Trustwave SpiderLabs Uncovers Ov3r_Stealer Malware Spread via Phishing and Facebook Advertising. Learn More

Trustwave SpiderLabs Uncovers Ov3r_Stealer Malware Spread via Phishing and Facebook Advertising. Learn More

Services
Capture
Managed Detection & Response

Eliminate active threats with 24/7 threat detection, investigation, and response.

twi-managed-portal-color
Co-Managed SOC (SIEM)

Maximize your SIEM investment, stop alert fatigue, and enhance your team with hybrid security operations support.

twi-briefcase-color-svg
Advisory & Diagnostics

Advance your cybersecurity program and get expert guidance where you need it most.

tw-laptop-data
Penetration Testing

Test your physical locations and IT infrastructure to shore up weaknesses before exploitation.

twi-database-color-svg
Database Security

Prevent unauthorized access and exceed compliance requirements.

twi-email-color-svg
Email Security

Stop email threats others miss and secure your organization against the #1 ransomware attack vector.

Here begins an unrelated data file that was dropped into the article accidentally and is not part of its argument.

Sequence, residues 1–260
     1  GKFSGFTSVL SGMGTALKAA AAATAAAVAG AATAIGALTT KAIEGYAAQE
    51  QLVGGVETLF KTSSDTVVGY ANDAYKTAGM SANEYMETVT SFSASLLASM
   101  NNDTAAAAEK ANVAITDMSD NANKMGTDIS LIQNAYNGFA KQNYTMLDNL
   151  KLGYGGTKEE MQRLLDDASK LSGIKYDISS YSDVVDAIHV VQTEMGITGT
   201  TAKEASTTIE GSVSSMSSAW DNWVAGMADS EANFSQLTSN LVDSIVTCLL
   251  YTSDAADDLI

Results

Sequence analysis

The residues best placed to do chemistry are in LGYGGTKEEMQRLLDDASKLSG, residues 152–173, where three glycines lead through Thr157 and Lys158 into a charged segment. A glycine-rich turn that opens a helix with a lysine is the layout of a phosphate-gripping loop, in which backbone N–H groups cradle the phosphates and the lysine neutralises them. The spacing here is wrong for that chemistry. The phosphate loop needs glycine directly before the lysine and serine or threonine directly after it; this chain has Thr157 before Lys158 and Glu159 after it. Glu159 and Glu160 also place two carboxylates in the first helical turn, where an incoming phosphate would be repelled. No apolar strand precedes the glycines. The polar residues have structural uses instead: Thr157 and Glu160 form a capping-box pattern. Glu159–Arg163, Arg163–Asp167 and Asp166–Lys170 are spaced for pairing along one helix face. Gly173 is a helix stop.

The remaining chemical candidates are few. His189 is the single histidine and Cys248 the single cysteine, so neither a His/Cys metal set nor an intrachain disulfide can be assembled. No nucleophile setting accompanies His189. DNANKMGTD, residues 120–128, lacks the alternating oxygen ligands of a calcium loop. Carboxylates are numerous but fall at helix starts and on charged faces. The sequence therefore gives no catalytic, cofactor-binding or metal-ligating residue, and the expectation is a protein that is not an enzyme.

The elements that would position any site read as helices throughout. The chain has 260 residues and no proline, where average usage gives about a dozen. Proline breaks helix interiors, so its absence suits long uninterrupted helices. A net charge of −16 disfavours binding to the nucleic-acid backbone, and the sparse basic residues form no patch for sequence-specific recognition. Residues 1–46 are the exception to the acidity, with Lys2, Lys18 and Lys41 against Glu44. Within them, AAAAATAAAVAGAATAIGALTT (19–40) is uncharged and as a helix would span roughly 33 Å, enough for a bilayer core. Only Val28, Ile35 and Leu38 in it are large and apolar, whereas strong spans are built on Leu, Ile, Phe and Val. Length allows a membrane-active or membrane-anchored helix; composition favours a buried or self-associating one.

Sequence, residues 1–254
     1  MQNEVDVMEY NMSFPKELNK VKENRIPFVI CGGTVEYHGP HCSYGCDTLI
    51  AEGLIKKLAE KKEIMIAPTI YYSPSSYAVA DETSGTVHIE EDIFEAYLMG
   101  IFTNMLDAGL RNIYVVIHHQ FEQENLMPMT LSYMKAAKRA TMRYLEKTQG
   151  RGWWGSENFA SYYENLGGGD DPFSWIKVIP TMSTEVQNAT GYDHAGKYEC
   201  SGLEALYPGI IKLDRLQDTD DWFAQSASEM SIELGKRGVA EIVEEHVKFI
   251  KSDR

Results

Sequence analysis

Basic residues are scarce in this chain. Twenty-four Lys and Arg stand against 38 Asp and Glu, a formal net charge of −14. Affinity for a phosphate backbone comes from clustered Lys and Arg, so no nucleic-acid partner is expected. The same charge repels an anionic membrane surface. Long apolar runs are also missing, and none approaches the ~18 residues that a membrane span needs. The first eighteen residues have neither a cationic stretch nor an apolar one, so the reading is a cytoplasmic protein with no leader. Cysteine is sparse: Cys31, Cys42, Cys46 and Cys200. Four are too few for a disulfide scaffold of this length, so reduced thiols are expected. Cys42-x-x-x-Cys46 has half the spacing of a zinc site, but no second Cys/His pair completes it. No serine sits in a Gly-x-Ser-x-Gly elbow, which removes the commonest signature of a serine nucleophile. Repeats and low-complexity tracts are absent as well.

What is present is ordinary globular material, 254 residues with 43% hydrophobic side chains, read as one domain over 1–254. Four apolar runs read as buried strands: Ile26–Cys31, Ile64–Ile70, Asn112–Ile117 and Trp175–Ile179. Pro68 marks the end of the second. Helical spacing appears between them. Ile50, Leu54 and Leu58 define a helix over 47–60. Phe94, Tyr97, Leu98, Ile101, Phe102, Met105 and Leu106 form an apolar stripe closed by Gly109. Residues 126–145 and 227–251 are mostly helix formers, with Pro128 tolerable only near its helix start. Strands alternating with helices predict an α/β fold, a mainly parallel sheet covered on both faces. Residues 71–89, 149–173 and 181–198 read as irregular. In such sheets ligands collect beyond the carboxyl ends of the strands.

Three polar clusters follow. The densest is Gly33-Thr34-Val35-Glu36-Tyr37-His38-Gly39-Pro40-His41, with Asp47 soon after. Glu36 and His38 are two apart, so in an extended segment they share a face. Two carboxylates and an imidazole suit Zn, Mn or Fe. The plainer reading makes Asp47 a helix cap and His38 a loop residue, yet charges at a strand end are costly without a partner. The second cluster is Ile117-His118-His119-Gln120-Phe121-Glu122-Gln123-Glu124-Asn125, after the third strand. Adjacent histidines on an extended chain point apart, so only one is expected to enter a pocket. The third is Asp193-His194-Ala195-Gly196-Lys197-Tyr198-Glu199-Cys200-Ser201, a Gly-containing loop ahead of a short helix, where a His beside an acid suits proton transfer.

tw-officer
Digital Forensics & Incident Response

Prepare for the inevitable with 24/7 global breach response in-region and available on-site.

tw-network
Firewall & Technology Management

Mitigate risk of a cyberattack with 24/7 incident and health monitoring and the latest threat intelligence.

Solutions
BY TOPIC
Microsoft Exchange Server Attacks
Stay protected against emerging threats
Rapidly Secure New Environments
Security for rapid response situations
Securing the Cloud
Safely navigate and stay protected
Securing the IoT Landscape
Test, monitor and secure network objects
Why Trustwave
About Us
Awards and Accolades
Trustwave SpiderLabs Team
Trustwave Fusion Security Operations Platform